North Korea's top governing body warned that the regime will conduct its third nuclear test in defiance of U.N. punishment, and made clear that its long-range rockets are designed to carry not only satellites but also warheads aimed at striking the U.S.
The National Defense Commission, headed by the country's young leader, Kim Jong Un, rejected the U.N. Security Council resolution condemning North Korea's long-range rocket launch in December as a banned missile activity and expanding sanctions against the regime. The commission reaffirmed in its declaration that the launch was a peaceful bid to send a satellite into space, but also said the country's rocket launches have a military purpose: to strike and attack the U.S.
The commission pledged to keep launching satellites and rockets and to conduct a nuclear test as part of a "new phase" of combat with the U.S., which it blames for leading the U.N. bid to punish Pyongyang. It said a nuclear test was part of "upcoming" action but did not say exactly when or where it would take place.
"We do not hide that a variety of satellites and long-range rockets which will be launched by the DPRK one after another and a nuclear test of higher level which will be carried out by it in the upcoming all-out action, a new phase of the anti-U.S. struggle that has lasted century after century, will target against the U.S., the sworn enemy of the Korean people," the commission said, referring to North Korea by its official name, the Democratic People's Republic of Korea.
"Settling accounts with the U.S. needs to be done with force, not with words, as it regards jungle law as the rule of its survival," the commission said.
It was a rare declaration by the powerful military commission once led by late leader Kim Jong Il and now commanded by his son, Kim Jong Un. The statement made clear Kim's commitment to continue developing the country's nuclear and missile programs in defiance of the Security Council, even at risk of further international isolation.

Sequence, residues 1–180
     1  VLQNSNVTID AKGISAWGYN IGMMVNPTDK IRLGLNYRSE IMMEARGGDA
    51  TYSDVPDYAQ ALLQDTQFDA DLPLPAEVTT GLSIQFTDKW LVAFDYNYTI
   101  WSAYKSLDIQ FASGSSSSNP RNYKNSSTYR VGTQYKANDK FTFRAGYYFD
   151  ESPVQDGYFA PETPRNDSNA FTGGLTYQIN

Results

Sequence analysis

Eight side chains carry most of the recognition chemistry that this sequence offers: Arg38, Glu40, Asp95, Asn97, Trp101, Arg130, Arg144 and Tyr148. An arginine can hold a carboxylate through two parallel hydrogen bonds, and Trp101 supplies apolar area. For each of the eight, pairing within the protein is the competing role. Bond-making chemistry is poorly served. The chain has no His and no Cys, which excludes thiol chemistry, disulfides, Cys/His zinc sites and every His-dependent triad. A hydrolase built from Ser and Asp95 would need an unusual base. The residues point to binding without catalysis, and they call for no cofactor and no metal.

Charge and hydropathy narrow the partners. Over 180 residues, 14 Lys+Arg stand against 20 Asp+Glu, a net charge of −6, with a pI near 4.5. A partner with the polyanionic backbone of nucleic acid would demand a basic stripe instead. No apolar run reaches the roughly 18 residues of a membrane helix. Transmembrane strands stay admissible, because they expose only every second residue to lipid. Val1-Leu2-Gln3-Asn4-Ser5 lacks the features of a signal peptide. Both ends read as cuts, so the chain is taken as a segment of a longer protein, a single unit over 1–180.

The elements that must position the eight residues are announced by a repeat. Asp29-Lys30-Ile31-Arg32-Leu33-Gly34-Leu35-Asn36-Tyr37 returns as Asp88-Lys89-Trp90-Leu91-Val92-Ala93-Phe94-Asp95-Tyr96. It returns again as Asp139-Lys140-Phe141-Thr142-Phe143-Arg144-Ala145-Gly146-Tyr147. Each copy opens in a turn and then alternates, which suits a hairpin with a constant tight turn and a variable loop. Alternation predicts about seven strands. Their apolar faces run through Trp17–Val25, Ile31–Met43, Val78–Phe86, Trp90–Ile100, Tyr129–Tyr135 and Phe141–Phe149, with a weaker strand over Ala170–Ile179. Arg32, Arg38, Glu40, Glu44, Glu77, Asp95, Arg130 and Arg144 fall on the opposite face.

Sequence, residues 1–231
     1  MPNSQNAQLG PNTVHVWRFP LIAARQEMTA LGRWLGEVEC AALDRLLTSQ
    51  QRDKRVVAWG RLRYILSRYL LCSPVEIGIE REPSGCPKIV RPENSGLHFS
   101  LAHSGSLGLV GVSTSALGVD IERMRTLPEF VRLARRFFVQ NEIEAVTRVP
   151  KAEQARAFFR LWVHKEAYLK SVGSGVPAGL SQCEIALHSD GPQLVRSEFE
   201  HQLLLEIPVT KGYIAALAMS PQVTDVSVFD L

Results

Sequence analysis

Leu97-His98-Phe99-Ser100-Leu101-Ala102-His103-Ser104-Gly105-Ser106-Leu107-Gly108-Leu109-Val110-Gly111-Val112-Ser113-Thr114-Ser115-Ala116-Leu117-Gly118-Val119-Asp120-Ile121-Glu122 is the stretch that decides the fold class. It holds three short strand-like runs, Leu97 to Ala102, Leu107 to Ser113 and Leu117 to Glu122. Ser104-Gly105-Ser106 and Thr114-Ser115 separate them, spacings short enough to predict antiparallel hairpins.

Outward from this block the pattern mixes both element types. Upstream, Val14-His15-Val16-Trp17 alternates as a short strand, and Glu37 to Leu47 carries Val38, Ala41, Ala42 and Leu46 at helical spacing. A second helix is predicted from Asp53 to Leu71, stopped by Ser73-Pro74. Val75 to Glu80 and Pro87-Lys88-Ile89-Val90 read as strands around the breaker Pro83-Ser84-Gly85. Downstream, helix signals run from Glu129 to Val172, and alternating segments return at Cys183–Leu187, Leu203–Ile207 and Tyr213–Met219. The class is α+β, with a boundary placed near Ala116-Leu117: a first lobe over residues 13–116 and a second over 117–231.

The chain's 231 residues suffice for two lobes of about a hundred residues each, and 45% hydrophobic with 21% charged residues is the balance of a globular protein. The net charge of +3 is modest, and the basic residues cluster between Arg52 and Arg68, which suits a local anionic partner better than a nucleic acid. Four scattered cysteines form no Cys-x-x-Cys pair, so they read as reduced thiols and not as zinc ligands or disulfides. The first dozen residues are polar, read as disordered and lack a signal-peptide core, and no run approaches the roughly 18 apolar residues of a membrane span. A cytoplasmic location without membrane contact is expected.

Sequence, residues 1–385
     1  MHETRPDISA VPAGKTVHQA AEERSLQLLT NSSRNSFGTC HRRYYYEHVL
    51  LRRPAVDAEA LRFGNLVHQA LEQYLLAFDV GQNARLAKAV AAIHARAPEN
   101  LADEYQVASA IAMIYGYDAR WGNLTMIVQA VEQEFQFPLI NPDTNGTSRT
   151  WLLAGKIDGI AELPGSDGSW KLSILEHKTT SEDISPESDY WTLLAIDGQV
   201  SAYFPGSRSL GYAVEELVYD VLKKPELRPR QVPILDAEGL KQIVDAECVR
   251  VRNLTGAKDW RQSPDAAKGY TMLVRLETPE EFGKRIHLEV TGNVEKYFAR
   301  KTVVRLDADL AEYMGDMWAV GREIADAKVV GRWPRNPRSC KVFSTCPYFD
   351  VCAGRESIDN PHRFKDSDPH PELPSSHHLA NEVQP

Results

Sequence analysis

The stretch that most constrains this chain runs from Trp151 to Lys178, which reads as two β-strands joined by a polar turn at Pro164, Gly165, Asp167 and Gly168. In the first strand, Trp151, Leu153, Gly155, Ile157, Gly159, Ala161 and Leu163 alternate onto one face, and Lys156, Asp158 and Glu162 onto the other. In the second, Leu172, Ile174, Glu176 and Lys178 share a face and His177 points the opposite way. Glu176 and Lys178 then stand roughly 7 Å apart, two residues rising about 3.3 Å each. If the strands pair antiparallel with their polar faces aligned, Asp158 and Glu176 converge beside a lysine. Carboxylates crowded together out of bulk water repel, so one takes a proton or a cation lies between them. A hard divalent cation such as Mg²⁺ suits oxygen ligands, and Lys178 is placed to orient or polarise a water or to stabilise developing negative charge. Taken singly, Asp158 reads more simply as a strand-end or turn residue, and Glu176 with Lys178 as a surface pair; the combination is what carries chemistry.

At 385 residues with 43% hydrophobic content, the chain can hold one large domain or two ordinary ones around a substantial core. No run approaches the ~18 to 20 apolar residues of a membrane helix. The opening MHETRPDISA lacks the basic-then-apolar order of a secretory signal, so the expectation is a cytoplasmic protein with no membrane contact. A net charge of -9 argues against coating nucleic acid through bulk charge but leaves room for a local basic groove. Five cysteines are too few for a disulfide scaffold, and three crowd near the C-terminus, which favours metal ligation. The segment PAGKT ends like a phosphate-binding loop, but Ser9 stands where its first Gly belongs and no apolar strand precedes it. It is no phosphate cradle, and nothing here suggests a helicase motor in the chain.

North Korea's allusion to a "higher level" nuclear test most likely refers to a device made from highly enriched uranium, which is easier to miniaturize than the plutonium bombs it tested in 2006 and 2009, said Cheong Seong-chang, an analyst at the private Sejong Institute in South Korea. Experts say the North Koreans must conduct further tests of its atomic devices and master the technique for making them smaller before they can be mounted as nuclear warheads onto long-range missiles.
The U.S. State Department had no immediate response to today's statement. On Wednesday, after Pyongyang's Foreign Ministry issued its own angry response to the Security Council decision and said the North would bolster its "nuclear deterrence," U.S. envoy to North Korea, Glyn Davies, urged restraint.
"It is important that they heed the voice of the international community," Davies said in South Korea. He was meeting with South Korean officials on a trip that also will take him to China and Japan to discuss how to move forward on North Korea relations.
Davies said that if North Korea begins "to take concrete steps to indicate their interest in returning to diplomacy, they may find in their negotiating partners willing partners in that process."
North Korea claims the right to build nuclear weapons as a defense against the U.S., its Korean War foe.